Mutations may not be as random as you think, if a gene is predisposed to mutate in a certain way. In fact, we already know this to be the case with certain genes.
Such a mutation could in fact be far more impactful on the gene pool, even if having a net negative impact on survival, than other mutations that provide minute positive impacts on survival. All that is required is that the math be weighted in that mutations favor. If the mutation is a 1/10,000 chance, but only causes 1/100,000 individuals to fail, then it will continue and increase. Scientists shouldn't preclude that every change is an adaptive necessity for survival.
I saw a youtube video of a wild goat of some type. It had unbelievably long horns and was using the tip of its horn to scratch its butt over its back. A handy use of the horns no doubt, but would you conclude that those monstrously long horns were a survival adaptation that came about out of a usefullness for butt scratching? I would not. Yet, biologists would happily conclude that they know the precise purpose that the long horns were evolutionarily adapted for. Perhaps that purpose is no different from the butt scratching, i.e. the goat developed progressively longer horns and found a few good uses for them.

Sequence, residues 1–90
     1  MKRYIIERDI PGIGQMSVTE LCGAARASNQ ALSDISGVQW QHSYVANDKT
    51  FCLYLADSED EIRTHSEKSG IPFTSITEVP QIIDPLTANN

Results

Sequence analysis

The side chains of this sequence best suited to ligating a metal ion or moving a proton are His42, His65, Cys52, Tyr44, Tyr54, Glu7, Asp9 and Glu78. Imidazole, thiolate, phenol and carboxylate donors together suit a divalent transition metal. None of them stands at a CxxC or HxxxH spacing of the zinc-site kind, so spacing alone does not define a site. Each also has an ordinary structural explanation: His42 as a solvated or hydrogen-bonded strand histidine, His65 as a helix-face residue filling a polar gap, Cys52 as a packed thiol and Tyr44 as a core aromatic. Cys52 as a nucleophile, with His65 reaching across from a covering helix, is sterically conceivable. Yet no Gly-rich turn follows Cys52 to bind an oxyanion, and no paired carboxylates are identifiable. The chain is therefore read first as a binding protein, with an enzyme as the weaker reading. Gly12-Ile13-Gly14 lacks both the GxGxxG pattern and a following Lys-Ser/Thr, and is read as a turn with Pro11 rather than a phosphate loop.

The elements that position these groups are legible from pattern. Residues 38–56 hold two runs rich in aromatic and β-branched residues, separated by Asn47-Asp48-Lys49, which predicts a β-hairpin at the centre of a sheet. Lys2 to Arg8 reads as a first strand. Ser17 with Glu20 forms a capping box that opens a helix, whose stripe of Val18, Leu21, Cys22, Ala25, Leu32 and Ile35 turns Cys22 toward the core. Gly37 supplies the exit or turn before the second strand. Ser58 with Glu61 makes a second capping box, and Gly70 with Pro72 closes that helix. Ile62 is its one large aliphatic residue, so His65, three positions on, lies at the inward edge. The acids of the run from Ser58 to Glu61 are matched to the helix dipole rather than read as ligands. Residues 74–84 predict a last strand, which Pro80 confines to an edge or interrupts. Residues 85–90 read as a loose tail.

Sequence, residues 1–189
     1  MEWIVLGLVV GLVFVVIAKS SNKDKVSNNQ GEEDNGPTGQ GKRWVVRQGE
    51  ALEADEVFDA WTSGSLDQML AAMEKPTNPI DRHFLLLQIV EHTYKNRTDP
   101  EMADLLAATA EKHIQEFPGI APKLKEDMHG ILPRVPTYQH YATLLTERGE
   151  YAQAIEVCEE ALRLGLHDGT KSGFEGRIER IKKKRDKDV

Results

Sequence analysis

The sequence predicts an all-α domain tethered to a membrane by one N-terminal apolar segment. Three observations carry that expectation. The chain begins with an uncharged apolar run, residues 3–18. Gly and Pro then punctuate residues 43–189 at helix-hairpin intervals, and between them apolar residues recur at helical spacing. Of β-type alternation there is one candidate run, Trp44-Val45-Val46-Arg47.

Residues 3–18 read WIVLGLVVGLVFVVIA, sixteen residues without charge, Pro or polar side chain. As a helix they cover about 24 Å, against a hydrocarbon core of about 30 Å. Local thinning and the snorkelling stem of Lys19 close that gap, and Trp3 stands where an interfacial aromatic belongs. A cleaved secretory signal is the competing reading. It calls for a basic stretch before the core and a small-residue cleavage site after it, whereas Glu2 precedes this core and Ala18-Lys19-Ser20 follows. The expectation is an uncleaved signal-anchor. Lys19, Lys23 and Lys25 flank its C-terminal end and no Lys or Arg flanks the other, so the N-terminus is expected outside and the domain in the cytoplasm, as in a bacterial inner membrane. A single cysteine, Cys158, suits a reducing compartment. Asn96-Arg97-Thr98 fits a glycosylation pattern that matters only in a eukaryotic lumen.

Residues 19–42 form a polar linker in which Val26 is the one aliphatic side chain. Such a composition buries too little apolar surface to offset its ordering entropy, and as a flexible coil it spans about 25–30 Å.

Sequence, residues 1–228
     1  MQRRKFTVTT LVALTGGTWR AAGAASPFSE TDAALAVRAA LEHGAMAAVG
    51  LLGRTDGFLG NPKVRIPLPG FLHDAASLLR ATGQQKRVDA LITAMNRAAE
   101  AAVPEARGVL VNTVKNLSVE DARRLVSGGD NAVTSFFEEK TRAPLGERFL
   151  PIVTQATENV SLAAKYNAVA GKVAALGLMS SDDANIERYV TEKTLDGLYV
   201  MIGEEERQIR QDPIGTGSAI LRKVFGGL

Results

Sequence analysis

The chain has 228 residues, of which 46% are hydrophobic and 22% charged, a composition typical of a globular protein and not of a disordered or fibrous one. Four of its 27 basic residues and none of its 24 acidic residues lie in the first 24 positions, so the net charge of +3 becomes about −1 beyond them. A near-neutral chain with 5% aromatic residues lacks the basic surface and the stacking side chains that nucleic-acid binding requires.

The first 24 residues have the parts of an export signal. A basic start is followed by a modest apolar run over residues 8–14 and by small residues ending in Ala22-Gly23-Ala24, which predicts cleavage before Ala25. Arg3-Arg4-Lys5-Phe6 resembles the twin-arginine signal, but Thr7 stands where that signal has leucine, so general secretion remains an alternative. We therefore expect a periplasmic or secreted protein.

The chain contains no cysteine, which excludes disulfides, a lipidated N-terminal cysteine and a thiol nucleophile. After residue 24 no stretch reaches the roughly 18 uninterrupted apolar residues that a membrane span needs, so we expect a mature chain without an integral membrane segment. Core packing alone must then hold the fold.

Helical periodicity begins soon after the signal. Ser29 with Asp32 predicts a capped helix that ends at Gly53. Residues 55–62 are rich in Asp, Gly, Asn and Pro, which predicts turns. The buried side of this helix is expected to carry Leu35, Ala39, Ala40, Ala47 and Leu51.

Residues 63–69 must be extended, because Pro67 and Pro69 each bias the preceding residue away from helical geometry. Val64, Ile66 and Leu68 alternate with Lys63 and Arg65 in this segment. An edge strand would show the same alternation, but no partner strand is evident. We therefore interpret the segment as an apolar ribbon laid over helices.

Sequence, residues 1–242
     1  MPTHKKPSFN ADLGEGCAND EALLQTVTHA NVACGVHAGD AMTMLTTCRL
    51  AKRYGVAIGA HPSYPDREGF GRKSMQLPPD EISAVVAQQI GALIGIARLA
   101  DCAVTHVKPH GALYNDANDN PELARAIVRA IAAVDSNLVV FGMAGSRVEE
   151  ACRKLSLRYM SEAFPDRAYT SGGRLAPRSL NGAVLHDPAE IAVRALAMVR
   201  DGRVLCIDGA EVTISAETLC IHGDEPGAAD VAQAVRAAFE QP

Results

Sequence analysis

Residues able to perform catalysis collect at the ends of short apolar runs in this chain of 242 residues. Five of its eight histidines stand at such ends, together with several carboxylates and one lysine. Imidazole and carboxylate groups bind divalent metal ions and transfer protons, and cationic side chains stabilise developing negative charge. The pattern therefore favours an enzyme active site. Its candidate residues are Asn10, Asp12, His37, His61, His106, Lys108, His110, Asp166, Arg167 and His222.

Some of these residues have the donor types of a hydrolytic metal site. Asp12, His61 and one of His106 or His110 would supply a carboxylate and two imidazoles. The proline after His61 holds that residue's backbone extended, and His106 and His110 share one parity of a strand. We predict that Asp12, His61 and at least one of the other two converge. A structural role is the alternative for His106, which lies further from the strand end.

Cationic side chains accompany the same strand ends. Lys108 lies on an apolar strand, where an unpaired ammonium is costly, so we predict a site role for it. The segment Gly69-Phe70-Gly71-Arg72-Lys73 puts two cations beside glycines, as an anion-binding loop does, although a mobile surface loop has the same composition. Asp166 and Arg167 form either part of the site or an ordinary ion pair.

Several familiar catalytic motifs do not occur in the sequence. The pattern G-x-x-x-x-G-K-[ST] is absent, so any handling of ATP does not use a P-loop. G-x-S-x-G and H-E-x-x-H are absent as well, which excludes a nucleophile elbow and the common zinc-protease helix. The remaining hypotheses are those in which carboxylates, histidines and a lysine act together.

My daughter wrote a paper a few years ago on Z DNA. Genes aren’t necessarily sequential sets of nucleotides.
Probability of survival depends on environment, which changes,
That biologist would conclude that is an unproven supposition. Further, it is so broad and wrong that it is a strawman you constructed for the purpose of pushing it over.
Glad you don't want to talk about giraffes any more.